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WOMAN 1 : Unit of O-neg. Is that just short for O negative blood?
Run a cross-and-type match. To check her blood and find suitable donors?
Start an arterial line right away.
And blood gasses.

WOMAN 2: Blood gasses, coming up.
WOMAN 1 : Prep for chest tube now.

WOMAN 2: Chest tube.
WOMAN 1 : Let's go, let's go.
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I don't know why the term is "unit", when we all know it is a "pint" in non-metrical terms.
Comments  
Madhulk WOMAN 1 : Unit of O-neg. Is that just short for O negative blood? That's how I read it. 1 unit could be one bag of blood.
Run a cross-and-type match. To check her blood and find suitable donors? I believe so.
Start an arterial line right away.
And blood gasses.

WOMAN 2: Blood gasses, coming up.
WOMAN 1 : Prep for chest tube now.

WOMAN 2: Chest tube.
WOMAN 1 : Let's go, let's go.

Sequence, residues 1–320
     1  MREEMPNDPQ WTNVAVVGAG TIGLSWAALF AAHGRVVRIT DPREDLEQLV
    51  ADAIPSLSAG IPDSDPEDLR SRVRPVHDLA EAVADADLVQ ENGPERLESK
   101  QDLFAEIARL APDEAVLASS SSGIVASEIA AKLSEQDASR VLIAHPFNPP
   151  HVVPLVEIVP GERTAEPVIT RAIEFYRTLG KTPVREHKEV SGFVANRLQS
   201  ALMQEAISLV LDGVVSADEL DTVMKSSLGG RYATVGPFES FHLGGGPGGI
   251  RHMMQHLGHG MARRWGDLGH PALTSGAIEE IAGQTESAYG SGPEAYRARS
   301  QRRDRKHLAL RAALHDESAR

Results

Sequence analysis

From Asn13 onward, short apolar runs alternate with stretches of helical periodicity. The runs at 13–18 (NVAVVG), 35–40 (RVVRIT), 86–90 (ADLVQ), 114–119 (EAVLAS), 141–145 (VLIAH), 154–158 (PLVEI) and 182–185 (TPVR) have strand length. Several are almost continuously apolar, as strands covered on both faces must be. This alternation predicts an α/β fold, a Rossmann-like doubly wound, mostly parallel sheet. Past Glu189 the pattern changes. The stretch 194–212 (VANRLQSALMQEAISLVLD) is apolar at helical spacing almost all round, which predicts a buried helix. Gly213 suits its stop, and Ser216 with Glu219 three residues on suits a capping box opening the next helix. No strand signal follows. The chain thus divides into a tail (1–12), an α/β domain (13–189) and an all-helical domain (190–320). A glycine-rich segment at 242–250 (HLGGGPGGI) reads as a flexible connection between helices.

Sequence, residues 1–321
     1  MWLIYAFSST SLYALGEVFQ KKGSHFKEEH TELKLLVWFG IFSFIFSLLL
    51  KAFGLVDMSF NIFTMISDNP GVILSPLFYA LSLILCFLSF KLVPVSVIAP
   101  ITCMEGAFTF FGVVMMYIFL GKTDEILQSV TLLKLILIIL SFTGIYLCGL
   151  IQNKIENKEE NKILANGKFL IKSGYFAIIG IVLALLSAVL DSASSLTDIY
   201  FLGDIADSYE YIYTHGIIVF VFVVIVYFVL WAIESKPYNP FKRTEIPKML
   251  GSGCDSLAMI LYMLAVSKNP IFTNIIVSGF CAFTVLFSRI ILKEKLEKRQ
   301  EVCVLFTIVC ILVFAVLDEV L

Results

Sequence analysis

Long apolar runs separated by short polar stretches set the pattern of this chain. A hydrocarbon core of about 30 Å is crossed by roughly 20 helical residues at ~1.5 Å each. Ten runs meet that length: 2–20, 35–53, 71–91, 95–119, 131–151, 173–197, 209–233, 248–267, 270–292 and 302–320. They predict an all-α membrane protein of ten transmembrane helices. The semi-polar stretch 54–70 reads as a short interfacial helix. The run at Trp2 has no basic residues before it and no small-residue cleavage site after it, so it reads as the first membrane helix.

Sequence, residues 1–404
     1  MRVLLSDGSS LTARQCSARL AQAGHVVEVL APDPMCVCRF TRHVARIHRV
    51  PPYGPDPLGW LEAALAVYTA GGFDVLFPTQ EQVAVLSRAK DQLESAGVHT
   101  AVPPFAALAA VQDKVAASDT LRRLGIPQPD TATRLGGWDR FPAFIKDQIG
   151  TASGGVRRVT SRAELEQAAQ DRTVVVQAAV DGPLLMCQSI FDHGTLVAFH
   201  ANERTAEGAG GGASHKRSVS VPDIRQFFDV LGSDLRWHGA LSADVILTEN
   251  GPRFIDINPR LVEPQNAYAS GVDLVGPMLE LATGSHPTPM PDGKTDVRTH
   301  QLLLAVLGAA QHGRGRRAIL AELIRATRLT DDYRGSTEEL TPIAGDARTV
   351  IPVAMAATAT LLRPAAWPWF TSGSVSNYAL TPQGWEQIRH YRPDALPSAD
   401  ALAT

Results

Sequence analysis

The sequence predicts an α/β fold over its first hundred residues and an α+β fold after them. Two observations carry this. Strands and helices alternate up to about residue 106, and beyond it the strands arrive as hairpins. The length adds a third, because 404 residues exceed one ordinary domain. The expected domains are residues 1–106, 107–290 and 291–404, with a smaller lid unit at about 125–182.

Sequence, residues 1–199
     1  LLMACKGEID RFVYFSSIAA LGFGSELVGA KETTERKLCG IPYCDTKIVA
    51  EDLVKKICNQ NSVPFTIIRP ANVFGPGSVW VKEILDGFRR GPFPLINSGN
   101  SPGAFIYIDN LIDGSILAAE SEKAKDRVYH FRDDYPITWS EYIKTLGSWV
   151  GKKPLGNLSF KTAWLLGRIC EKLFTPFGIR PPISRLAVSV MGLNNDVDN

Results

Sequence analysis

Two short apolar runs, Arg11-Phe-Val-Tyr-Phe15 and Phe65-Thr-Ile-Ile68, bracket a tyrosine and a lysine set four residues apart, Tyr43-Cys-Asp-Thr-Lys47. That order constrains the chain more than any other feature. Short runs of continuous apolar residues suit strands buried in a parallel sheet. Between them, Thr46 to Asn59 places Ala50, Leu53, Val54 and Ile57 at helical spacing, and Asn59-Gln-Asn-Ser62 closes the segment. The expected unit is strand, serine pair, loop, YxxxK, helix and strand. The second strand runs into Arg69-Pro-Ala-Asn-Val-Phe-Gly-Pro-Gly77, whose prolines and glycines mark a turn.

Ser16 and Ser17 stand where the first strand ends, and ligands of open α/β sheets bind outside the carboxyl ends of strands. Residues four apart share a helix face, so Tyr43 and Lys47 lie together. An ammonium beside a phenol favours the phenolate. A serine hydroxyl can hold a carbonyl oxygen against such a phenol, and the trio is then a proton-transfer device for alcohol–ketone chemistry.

They're probably giving her some O-negative to save her life, while they find a better match for her.
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Thanks, Vorpar!
 Philip's reply was promoted to an answer.
Just found this from a website:

A unit of whole blood is 450 milliliters, which is about 0.9510 U.S. pint. For components of blood, one unit is the amount of that substance that would normally be found in one unit of whole blood. The adult human body contains roughly 12 units of whole blood. Note: although the unit is defined by volume, it is actually measured by mass at blood collection centers. Since the density of human blood is 1.053 kilograms per liter, the mass of a unit of blood is about 474 grams or 16.7 ounces.
Cross-matching is more than just type-matching. See
http://en.wikipedia.org/wiki/Cross-matching

A full cross-matching takes time. In case of emergency, O negative can be given before cross-matching can be completed.
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